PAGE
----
Binary file - numbers

Discussion in 'C Programming' started by E-Star, Jun 27, 2003.

  1. E-Star

    E-Star Guest

    I have a binary file that I want to read some numbers out of. However
    the numbers are 32bit floats. How can I get the numbers into a C
    program to use? I can do the calculations manually....but is there an
    easier way? Is there some handy functions which do this?

    example.

    File contains: 42 7C 00 00
    I want to read it in and end up with my C variable equalling 63.
    E-Star, Jun 27, 2003
    #1
    1. Advertising

  2. E-Star

    Richard Bos Guest

    E-Star <> wrote:

    > I have a binary file that I want to read some numbers out of. However
    > the numbers are 32bit floats. How can I get the numbers into a C
    > program to use?


    Well... you _could_ try fread(), but there's a catch. fread() reads
    bytes into memory, not values. If those floats weren't written by a
    system that arranges its floats exactly the same way as yours does, you
    won't get the values you expected.
    You can, of course, usually get away with having one program fwrite()
    some floats, and then having another program on the same machine fread()
    them later on, but if you want to read files from another machine,
    you're taking a risk, and the risk is greater the less like your own
    machine the source of the file is.
    It's all a question of balancing demands, really. If you know that this
    file is only ever going to contain "your" kind of floats, you opt for
    simplicity and use fread(). If you know that this file is a cross-
    platform standard and you want your program to run on several kinds of
    machines, you parse it by hand.

    Richard
    Richard Bos, Jun 27, 2003
    #2
    1. Advertising

  3. E-Star

    pete Guest

    James Connell wrote:

    > I'm still trying to figure out how *any* combo of 0x42, 0x7C, 0x0 and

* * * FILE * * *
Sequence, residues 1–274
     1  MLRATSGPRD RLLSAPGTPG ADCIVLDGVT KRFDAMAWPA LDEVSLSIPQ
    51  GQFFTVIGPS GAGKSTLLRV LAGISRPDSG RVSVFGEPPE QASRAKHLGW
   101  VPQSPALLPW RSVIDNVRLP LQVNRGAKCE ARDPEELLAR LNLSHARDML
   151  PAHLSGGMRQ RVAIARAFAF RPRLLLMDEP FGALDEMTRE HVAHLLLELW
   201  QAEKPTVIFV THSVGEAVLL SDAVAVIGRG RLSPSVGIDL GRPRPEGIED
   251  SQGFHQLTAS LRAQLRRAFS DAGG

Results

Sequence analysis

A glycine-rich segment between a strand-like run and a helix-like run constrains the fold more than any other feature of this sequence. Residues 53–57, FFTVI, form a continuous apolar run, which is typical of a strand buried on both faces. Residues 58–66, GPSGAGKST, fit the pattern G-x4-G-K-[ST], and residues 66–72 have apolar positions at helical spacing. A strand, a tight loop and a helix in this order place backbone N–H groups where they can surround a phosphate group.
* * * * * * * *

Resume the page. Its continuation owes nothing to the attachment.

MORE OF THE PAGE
> 0x0 == 63?????


    It's a float representation for 63.0

    --
    pete
    pete, Jun 27, 2003
    #3
  4. pete <> wrote:

    > James Connell wrote:
    >
    >> I'm still trying to figure out how *any* combo of 0x42, 0x7C, 0x0 and
    >> 0x0 == 63?????

    >
    > It's a float representation for 63.0
    >


    Or more precisely, it's an IEEE 60559 single precision representation
    for 63.0. The code below produces the output "63", and is based on the
    description here:

    http://www.psc.edu/general/software/packages/ieee/ieee.html

    The code is not optimised or well tested.

    For systems that actually use IEEE single floats, bear in mind that
    they might have a different byte order.

    Phil T



    #include <stdio.h>
    #include <math.h>
    #include <float.h>
    #include <assert.h>

    double ieee_single(const void *v)
    {
    const unsigned char *data = v;
    int s, e;
    unsigned long src;
    long f;
    double value;

    src = ((unsigned long)data[0] << 24) +
    ((unsigned long)data[1] << 16) +
    ((unsigned long)data[2] << 8) +
    ((unsigned long)data[3]);

    s = (src & 0x80000000UL) >> 31;
    e = (src & 0x7F800000UL) >> 23;
    f = (src & 0x007FFFFFUL);

    if (e == 255 && f != 0) {
    /* NaN - Not a number */
    value = DBL_MAX;
    }
    else if (e == 255 && f == 0 && s == 1) {
    /* Negative infinity */
    value = -DBL_MAX;
    }
    else if (e == 255 && f == 0 && s == 0) {
    /* Positive infinity */
    value = DBL_MAX;
    }
    else if (e > 0 && e < 255) {
    /* Normal number */
    f += 0x00800000UL;
    if (s) f = -f;
    value = ldexp(f, e - 127 - 23);
    }
    else if (e == 0 && f != 0) {
    /* Denormal number */
    if (s) f = -f;
    value = ldexp(f, -126 - 23);
    }
    else if (e == 0 && f == 0 && s == 1) {
    /* Negative zero */
    value = 0;
    }
    else if (e == 0 && f == 0 && s == 0) {
    /* Positive zero */
    value = 0;
    }
    else {
    /* Never happens */
    printf("s = %d, e = %d, f = %lu\n", s, e, f);
    assert(!"Oops, unhandled case in ieee_single()");
    }

    return value;
    }

    int main(void)
    {
    float f;
    unsigned char combo[] = {0x42, 0x7c, 0x00, 0x00};
    printf("%g\n", ieee_single(combo));
    return 0;
    }
    Phil Tregoning, Jun 27, 2003
    #4
  5. E-Star

    CBFalconer Guest

    James Connell wrote:
    >

    .... snip ...
    > >

    > I'm still trying to figure out how *any* combo of 0x42, 0x7C,
    > 0x0 and 0x0 == 63?????


    To start with 63 has (in binary) 6 successive 1 bits. Most FP
    representations suppress the MS bit, and replace it with a sign
    bit, leaving 5 bits. Where does your representation have 5